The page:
Change will come only when women also accept that to create a piece of art has as much value for a woman as to create a child. To paraphrase the Bob Dylan line: "She not being born is busy frying."

Comments
13 Comment count
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grown children as a masterpiece

Jayne,
I really have to think on this one! Hmm, creating a piece of art has as much value as creating a child? Creating a child is just sperm and egg, giving birth; creating a person is so much more. Perhaps mothers, and fathers, should take more care in child rearing? Perhaps mothers and fathers should demand more respect for raising valuable citizens of the world?
A piece of art is just paper and ink, canvas and oils - a thoughtful, creative, industrious person is invaluable.
I understand your point. I just can't accept it being made at the expense of parenting - a true art form when done well.
Jodi

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sorry

hey, Jodi,

Thanks for your comment.

Sorry I didn't communicate clearly.
I guess what I meant to say is that a woman artist who doesn't have children can console herself with the fact that she's created a piece of art. Creating anything has value, and art is seriously devalued in this society whether created by a man or a woman.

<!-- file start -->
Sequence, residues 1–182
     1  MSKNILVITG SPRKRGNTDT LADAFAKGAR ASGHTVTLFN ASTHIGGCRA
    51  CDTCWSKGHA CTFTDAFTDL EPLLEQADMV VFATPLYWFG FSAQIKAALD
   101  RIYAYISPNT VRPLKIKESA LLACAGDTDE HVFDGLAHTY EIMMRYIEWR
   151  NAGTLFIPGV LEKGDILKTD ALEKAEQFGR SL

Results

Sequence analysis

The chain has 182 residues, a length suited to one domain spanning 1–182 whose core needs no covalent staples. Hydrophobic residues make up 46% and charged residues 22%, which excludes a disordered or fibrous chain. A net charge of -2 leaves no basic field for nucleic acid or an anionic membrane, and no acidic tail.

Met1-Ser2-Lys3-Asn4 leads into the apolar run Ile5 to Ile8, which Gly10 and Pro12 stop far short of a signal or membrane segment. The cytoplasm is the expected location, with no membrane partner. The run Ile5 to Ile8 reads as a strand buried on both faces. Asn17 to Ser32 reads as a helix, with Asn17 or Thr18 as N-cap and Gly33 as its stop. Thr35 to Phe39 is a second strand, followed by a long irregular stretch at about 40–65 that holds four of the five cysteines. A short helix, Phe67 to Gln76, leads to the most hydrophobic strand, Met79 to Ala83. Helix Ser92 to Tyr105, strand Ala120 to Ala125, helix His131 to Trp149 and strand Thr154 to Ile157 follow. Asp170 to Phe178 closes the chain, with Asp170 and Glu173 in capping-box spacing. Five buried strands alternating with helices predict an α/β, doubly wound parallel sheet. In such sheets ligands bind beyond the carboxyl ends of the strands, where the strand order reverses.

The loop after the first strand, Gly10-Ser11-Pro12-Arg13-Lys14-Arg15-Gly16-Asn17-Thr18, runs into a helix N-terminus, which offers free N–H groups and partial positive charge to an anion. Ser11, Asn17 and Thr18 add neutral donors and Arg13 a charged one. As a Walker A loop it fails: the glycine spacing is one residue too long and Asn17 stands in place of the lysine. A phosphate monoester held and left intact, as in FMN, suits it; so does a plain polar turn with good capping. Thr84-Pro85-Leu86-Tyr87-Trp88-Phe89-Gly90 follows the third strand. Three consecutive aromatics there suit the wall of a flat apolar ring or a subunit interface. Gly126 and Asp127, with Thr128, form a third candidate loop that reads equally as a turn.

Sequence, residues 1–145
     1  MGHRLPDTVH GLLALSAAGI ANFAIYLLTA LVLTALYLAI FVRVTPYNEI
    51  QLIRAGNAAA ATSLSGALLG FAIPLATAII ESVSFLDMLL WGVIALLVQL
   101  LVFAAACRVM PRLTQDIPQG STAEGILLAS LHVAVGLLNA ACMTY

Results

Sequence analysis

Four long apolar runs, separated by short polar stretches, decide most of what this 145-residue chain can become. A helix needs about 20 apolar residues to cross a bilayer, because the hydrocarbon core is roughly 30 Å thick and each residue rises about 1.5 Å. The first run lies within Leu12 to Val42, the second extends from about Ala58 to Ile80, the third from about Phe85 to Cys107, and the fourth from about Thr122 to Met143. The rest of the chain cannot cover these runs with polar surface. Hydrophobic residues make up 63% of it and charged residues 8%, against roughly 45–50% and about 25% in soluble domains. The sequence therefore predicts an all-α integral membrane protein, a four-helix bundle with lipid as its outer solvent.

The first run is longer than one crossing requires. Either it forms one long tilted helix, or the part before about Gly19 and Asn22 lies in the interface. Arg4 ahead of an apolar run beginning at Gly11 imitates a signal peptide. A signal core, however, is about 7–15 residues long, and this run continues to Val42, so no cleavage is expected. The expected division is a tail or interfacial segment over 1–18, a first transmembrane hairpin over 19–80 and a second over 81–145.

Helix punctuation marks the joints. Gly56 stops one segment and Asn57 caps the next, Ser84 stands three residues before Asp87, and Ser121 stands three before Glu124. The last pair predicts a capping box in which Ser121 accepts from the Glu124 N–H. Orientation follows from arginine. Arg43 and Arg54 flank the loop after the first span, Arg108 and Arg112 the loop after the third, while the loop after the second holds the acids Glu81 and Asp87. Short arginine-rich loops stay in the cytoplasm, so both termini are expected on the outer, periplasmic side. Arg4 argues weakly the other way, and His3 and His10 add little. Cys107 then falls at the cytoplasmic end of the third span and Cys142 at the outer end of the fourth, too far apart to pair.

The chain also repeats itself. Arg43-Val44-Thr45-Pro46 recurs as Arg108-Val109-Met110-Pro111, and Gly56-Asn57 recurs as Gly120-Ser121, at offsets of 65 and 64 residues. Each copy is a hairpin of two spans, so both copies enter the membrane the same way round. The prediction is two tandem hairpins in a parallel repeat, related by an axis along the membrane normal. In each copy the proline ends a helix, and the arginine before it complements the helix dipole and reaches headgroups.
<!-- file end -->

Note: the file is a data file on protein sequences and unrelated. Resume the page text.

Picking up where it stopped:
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On Second Thought

I'm not apologizing for what I wrote, or who I am. Sorry for saying sorry. Sorry for not being understood. I think this is the wrong venue for me.

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Choice and freedom

Jayne, I see what you are saying. But I think it is really down to choice. What choices does one want to make? I am a mother, and I love it.I love my children and they are akin to art to me. I have also dabbled with my creativity. I have the freedom to explore both worlds. But, then again, I have made that choice and I am blessed to have a supportive, loving partner on my journey. All the best, Mary P.

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choice and freedom

oh, Mary, I'm not knocking motherhood---not at all.   I'm just saying that women who choose to devote their lives to their work should not be made to feel like freaks, and pariahs.